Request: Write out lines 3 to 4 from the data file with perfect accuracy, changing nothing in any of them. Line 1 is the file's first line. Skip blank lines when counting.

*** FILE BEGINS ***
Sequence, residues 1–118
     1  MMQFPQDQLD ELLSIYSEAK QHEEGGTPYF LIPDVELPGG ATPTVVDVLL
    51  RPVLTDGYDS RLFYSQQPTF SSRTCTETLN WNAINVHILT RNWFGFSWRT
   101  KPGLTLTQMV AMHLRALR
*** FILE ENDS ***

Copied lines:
    51  RPVLTDGYDS RLFYSQQPTF SSRTCTETLN WNAINVHILT RNWFGFSWRT
   101  KPGLTLTQMV AMHLRALR